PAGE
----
By Tom Käckenhoff

MUENSTER, Germany (Reuters) - Peer Steinbrueck, the man chosen to lead Germany's opposition Social Democrats into an election next year as its candidate for chancellor, called for party unity on Saturday, saying it would otherwise be difficult to unseat Chancellor Angela Merkel.

Steinbrueck, a feisty former finance minister distrusted by Social Democrat (SPD) leftwingers for his centrist economic views, also repeated his opposition to serving under Merkel, a conservative, in a future coalition government.

"This federal election can only be won with the mobilization of our supporters ... Unity is important," Steinbrueck told a party rally in Muenster in the western region of North-Rhine Westphalia, where he once served as state premier.

"An SPD candidate for chancellor must reach 62 million voters," he added, signaling a pitch for the middle ground where he hopes to lure supporters of Merkel's conservatives.

In power since 2005 and buoyed by her calm and resolute handling of the three-year-old euro debt crisis, Merkel enjoys higher approval ratings than Steinbrueck, while opinion polls put her party comfortably ahead of the SPD.

A snap poll conducted by ARD-DeutschlandTrends on Friday showed Merkel had 50 percent personal backing against 36 percent for Steinbrueck. Poll participants considered Merkel more likeable and credible than Steinbrueck and also more likely to overcome the euro crisis.

But 58 percent of respondents also thought that Steinbrueck, who was named as the SPD's "chancellor candidate" on Friday, would be a good candidate for his party and he was considered stronger on the theme of social justice than Merkel.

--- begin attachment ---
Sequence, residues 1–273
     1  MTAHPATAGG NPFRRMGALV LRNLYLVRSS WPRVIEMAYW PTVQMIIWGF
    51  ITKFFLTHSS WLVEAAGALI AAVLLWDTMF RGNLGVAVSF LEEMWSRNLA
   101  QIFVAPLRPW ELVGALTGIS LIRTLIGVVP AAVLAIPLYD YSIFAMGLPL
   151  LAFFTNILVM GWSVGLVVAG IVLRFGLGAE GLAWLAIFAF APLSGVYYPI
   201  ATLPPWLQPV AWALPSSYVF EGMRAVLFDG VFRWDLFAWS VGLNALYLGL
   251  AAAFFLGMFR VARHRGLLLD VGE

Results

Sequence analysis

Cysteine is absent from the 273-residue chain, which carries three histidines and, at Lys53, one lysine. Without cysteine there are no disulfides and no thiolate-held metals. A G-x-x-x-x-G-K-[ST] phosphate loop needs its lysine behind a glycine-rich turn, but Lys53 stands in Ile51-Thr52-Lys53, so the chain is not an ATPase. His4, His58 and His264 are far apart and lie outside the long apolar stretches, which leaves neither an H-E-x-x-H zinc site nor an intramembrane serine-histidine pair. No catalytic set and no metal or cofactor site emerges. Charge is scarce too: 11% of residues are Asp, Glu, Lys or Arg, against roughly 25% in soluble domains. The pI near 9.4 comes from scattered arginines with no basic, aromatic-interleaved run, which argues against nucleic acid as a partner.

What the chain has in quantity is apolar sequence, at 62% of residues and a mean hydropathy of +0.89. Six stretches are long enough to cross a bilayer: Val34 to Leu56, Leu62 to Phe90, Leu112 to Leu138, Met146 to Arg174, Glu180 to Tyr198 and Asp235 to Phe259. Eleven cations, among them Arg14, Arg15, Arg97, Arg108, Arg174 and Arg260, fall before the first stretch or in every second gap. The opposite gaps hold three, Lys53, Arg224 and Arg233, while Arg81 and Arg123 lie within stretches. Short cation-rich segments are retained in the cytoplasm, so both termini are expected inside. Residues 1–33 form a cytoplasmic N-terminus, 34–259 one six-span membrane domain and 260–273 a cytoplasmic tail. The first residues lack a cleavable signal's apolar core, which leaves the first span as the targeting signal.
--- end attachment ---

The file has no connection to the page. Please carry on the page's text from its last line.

Despite their lead in the polls, Merkel's conservatives may struggle to form a government if their current coalition ally, the liberal Free Democrats, do badly in the 2013 election. She may then have to consider a coalition with the SPD like the one she led in 2005-09 when Steinbrueck ran the finance ministry.

UNCOMPROMISING

On Saturday, Steinbrueck repeated his preference for a coalition with the Greens and his unwillingness to cut a deal with Merkel.

"I will not be won over to (serve in) a Merkel cabinet ... We want to throw out all three from this government," he said, referring to Merkel's Christian Democrats, their Bavaria-based sister party the Christian Social Union and the FDP.

To loud applause, Steinbrueck reaffirmed his plans for tighter regulation of the financial markets and also called for a legal minimum wage and increased spending on education.

Known for his acerbic wit, Steinbrueck emerged as the SPD's candidate after two other contenders, party chairman Sigmar Gabriel and former foreign minister Frank-Walter Steinmeier, stepped aside.

Saturday's newspapers said the choice of the combative Steinbrueck would make for a much more interesting election.

"On the one side stands the controlled and composed chancellor who seems to get on top of every crisis and is trusted by the Germans," said the best-selling Bild tabloid.

"And on the other is the passionate, rough-edged but also often thin-skinned Steinbrueck ... He will give everything for victory, without any Plan B, without a safety net for himself. If he loses that could be politically the end for him. That deserves respect. This time Germans will have a real choice."

(Writing by Gareth Jones; Editing by Andrew Osborn)